Set up the camera as described in the Basic Setup section. If your camera is currently not available, you can use the Simulator to try out the focusing features.
Select the Expose
tab of the Camera Control window. If necessary, click the More
>> button to display the Inspect
Set up dark frame subtraction. If you are using a real camera, open the Options menu and check Simple Auto-dark. If you are using the simulator, you can select No Calibration, which will speed things up slightly. If you use Simple Auto Dark and your camera does not have a shutter, you will be prompted to cover or uncover the telescope as needed.
In the Seconds field, set an exposure time of 1 second. Tip: you can use the up/down "spin" control (arrow) buttons to rapidly dial in the exposure. The range of exposure times available depends on the camera model.
Select Single exposure mode.
If your camera has Readout Mode options, select a suitable mode. Some cameras have a Normal and Fast mode; the Fast mode is lower quality but faster readout. If the camera is particularly slow to read out, you may wish to select the faster more. Be sure to use the Normal mode when imaging.
If you are using a real camera on a telescope, you should first point the telescope to a moderately bright star; say 5th magnitude.
to take an exposure. After a few seconds, an image appears (simulator
Many cameras are too slow for easy full-frame focusing. It can be very difficult to focus if you have to wait a long time between updates. To speed up the process, select a subframe. In the Subframe section check On, then check Mouse. We can now select a subframe on the image using the mouse. Drag the mouse to create a box around a star (point the mouse to the top-left of the star, press and hold the left mouse button, and drag to the lower right). You will see the mouse coordinates entered automatically.
Click Start. Only the selected part of the image will be downloaded. Most cameras will operate much faster if a subframe is selected.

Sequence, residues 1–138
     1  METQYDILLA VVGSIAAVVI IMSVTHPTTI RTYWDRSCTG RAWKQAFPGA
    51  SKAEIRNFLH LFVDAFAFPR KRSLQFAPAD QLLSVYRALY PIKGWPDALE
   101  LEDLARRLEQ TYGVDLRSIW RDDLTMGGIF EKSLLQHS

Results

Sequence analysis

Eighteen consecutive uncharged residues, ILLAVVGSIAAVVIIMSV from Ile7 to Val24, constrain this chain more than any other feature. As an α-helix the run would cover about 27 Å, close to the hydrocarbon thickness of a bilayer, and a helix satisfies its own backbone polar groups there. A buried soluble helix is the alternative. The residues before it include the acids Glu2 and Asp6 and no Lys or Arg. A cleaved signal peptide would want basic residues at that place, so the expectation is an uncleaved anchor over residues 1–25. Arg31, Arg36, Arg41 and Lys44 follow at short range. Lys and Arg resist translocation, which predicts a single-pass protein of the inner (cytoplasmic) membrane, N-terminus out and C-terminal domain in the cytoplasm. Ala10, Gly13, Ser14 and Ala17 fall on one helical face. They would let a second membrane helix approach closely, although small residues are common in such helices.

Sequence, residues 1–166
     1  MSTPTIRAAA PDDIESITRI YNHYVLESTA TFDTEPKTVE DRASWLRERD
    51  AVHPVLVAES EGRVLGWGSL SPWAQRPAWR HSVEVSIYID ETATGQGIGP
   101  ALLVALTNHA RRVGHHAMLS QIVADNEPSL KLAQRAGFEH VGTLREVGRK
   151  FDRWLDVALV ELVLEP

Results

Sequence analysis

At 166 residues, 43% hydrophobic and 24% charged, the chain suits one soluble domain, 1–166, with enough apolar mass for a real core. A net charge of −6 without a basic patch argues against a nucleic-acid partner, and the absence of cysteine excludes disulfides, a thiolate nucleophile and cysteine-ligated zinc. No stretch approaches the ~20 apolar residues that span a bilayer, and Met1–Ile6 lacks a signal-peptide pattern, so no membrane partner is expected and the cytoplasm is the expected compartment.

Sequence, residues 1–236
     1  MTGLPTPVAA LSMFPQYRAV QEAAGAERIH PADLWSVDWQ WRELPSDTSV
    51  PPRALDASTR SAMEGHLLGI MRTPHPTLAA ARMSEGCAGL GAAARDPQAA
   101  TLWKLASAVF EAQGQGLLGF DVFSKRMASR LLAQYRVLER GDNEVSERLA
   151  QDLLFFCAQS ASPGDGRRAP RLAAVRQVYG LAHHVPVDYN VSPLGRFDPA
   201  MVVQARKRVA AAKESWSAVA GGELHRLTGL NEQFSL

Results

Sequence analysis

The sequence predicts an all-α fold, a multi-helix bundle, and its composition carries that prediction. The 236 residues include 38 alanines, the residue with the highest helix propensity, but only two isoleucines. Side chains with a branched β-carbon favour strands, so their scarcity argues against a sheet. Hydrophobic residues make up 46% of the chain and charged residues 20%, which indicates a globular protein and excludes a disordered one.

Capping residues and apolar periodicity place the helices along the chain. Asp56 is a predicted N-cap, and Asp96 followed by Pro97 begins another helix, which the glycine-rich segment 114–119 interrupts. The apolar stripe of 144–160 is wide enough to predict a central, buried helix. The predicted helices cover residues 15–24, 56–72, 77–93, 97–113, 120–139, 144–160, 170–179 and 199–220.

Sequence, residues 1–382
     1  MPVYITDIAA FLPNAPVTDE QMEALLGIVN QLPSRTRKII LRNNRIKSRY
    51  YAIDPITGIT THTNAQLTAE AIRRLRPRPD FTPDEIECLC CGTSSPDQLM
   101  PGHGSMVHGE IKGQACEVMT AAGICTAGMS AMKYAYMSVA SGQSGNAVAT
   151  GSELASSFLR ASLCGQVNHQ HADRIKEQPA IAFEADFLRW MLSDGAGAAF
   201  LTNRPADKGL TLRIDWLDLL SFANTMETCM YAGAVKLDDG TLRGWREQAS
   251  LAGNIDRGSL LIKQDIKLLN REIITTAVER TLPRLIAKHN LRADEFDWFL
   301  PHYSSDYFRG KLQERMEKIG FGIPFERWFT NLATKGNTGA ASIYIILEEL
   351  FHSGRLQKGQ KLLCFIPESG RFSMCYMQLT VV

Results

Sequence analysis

If you wish to have the focus display update continuously, select the Continuous mode and click Start. In some cases you may wish to set a small delay between exposures. This can be done using the the Options menu and select Exposure Delay option. Click Stop to finish imaging.
The Inspect panel at bottom shows information on the star. The panels can be configured as you like them. The two text panels can be set show image statistics, including the location and value of the brightest pixel. When focus is sharp the pixel value will be maximized. To select the display mode, simply right-click on the panel.
The Full-Width Half Maximum (FWHM) of the brightest object will also be shown. This is the diameter of the star at half of the peak value. The smaller the number, the better the focus. Also shown is the Half-Flux Diameter, which is similar to FWHM but works even if the star is badly out of focus (e.g. a large donut).
The left-hand panel is for graphs. It can show a 3D representation of the star, or a graph of the peak value of the brightest star over time, the Full-Width Half Maximum (FWHM) size of the star over time, or the Half Flux Diameter (HFD) size of the star over time. Using the graph you can get an idea of focus trends as you change the focus setting on the telescope. Again, to pick the display mode, simply right-click on the panel.
Once you have adjusted focus for the best image, click Stop to interrupt the Continuous mode.
Tip: If you have a computer-controlled focuser, you can adjust the focus position through the Observatory control Focus Tab.
Tip: If your computer-controlled focuser is capable of absolute positioning, you can autofocus. Please refer to the Autofocus Tutorial for more information.